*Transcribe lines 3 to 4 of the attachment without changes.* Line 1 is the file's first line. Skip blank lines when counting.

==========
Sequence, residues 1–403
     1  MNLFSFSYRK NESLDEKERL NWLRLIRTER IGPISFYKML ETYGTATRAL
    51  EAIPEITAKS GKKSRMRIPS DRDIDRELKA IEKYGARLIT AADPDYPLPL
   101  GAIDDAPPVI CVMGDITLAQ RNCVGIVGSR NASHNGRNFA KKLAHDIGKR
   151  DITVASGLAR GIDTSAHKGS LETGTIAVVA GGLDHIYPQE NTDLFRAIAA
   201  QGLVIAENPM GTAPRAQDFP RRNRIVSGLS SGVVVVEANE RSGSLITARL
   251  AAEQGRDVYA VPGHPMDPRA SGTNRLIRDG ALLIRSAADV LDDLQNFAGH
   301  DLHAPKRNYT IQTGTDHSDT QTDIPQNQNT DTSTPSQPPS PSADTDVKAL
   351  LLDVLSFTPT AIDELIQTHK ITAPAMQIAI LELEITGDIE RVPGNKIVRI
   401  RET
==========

    51  EAIPEITAKS GKKSRMRIPS DRDIDRELKA IEKYGARLIT AADPDYPLPL
   101  GAIDDAPPVI CVMGDITLAQ RNCVGIVGSR NASHNGRNFA KKLAHDIGKR